Ok, so I tossed in the wine. Then your job is to let the whole thing cook over medium heat until the wine evaporates. The tip says, "Don't skimp on the cooking time--it is essential for a full-flavoured Bolognese sauce. Some Italian cooks insist on cooking the sauce 3-4 hours, so the longer you can leave it, the better." Consequently, I let this cook for about 40 minutes until the pan was dry, but nothing was sticking to the bottom.
Then it was time to repeat the process with a cup of milk--pour it in and let it cook over medium heat until it evaporates. What you wind up with is a very soft meaty mass. It was smelling pretty good, but I was glad that the next instructions called for adding diced tomatoes and tomato paste, because that really was going to turn it into a sauce. And once that's added, you let it cook another 45 minutes at least.
In the meantime, Jacalyn and I had been preparing the zeppole batter so that after dinner I'd be able to fry them up very quickly and serve them hot out of the pan. Again, zeppoles are little fried dough balls, and actually are quite easy to make up. They have a minimum of ingredients, but they use TEN eggs! Holy smokes!
So to make them, all you do is boil some water and butter together on the stove. This looks a little strange, honestly.
You sift some flour and once the butter and water start to boil, you throw in the flour and stir it hard until the dough pulls away from the edge of the pan and you get a nice little mass of dough.
The next step is to start adding the eggs, one at a time, and incorporating them quickly so the warm dough doesn't cook them. Now, I wisely assigned Jacalyn to the task of mixing while I did the cracking of the eggs, but I'll be honest here, people, this was NOT HAPPENING. That dough got stiff in a jiffy and until the eggs were fully incorporated, it was like trying to mix concrete. The two of us couldn't get it together. My eye fell on the stand mixer, and I decided to demonstrate its power and brilliance to Jacalyn, who'd never used one.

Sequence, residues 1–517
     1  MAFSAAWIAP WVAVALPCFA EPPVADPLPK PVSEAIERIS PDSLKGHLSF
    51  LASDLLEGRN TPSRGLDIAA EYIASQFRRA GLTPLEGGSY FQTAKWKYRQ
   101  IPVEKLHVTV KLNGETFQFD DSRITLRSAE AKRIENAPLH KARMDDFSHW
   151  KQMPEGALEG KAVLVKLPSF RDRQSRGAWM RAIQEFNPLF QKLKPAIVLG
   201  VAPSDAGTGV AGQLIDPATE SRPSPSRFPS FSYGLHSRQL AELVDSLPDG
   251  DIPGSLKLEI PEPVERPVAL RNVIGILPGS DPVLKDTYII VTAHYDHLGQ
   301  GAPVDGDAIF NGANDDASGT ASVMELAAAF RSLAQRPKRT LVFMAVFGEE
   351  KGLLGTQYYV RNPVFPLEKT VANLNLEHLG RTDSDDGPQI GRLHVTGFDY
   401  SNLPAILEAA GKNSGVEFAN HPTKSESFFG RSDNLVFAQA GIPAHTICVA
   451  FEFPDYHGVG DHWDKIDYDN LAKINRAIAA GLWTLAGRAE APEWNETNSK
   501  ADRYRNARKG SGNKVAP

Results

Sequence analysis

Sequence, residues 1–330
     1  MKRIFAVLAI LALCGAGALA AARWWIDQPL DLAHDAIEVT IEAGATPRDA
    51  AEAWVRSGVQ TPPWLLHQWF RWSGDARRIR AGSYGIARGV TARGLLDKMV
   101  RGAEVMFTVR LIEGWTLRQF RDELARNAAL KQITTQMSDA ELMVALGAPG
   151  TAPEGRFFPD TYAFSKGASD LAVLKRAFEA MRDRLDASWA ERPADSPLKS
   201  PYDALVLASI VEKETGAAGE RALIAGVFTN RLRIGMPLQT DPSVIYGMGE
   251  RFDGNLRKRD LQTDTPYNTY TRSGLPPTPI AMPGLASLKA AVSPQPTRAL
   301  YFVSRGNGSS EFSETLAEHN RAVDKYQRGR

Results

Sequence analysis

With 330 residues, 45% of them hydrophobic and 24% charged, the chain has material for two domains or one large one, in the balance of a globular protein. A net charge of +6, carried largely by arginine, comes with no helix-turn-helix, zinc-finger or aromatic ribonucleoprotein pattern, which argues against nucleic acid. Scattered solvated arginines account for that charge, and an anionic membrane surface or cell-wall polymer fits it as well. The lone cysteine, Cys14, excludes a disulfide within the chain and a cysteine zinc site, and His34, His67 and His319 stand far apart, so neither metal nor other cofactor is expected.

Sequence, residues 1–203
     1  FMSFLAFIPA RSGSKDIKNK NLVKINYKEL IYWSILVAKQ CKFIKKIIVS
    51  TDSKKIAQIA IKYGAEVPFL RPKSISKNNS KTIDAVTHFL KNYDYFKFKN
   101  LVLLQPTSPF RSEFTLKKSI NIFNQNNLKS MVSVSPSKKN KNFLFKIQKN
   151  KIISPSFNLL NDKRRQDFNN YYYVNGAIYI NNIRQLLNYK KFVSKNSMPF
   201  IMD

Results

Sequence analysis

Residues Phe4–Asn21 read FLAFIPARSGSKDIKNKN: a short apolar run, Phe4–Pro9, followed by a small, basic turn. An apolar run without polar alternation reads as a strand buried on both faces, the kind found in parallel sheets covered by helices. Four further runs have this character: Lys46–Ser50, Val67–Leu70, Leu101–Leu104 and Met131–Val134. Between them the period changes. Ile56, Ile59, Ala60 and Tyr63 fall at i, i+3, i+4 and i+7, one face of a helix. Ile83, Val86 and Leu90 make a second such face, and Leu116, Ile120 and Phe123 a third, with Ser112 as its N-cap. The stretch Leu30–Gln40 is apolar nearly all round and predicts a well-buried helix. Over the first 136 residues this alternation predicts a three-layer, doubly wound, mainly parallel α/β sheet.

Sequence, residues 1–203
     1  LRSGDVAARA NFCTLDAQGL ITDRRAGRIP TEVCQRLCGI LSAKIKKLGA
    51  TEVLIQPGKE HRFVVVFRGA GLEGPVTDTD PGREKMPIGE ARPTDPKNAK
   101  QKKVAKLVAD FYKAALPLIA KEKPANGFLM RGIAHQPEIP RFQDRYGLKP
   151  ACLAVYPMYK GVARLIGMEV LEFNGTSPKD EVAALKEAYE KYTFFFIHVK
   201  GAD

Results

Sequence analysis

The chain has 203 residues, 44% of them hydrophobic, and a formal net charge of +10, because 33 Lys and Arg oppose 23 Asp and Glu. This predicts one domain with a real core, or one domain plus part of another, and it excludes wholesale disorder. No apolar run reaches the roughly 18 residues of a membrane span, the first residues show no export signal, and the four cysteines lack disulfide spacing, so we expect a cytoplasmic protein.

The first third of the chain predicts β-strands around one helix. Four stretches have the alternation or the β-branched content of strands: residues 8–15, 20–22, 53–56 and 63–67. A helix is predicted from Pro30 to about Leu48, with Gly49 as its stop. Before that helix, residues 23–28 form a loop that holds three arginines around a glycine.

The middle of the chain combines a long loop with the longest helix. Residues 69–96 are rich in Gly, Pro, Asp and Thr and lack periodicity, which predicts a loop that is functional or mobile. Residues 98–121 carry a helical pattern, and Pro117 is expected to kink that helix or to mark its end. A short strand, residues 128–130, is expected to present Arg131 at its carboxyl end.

Went from this...
...in no time flat. I left the dough in the bowl and it was done.
It was at this point in the game I realized I a) didn't have enough dutch oven pots to complete the evening's cooking and b) didn't have enough large burners on the stove. It was time to get the pasta cooking--two different types of pasta equals two pots, which is what I have but one had the bolognese sauce in it! So I put the bolognese in the electric frying pan to keep warm and washed out the pot. However, I also needed a burner for my large frying pan for my carbonara sauce to get going. And like any stove, I have two big burners and two small burners. *SIGH*
I decided to get the water going anyway and then I could put aside the tagliatelle water and put the big frying pan on the big burner to cook up the meat for the carbonara. Carbonara is a very quick meal to put together. Fry up some pancetta, add it to your cooked pasta, throw in some eggs and cheese and voila! Despite not using PrincessDiana161's recipe, it really did help to watch her technique and see how she did it, as it gave me the confidence to go ahead and try it for myself.
So while the pots were boiling, we turned on the oven, and I set Jacalyn to work on the bruschetta. I sliced the bread on the diagonal and she coated one side with olive oil. The directions said to put them olive oil side down on a baking pan in the oven at 450 for 5 minutes. This made me quite nervous--I've never tried toasting bread in the oven where it didn't totally burn. But I put my faith in the recipe maker and set the bread in the oven. I was watching that timer like a hawk though! But guess what!? It worked! Our bread came out BEAUTIFULLY!
Elizabeth and her husband arrived and I managed to find a space for her to make her salad. She is glowing with the joy of the impending arrival of her boy, isn't she!? I guess now instead of "Udvar" being Jack's best friend, he can be Leah's first boyfriend. :-)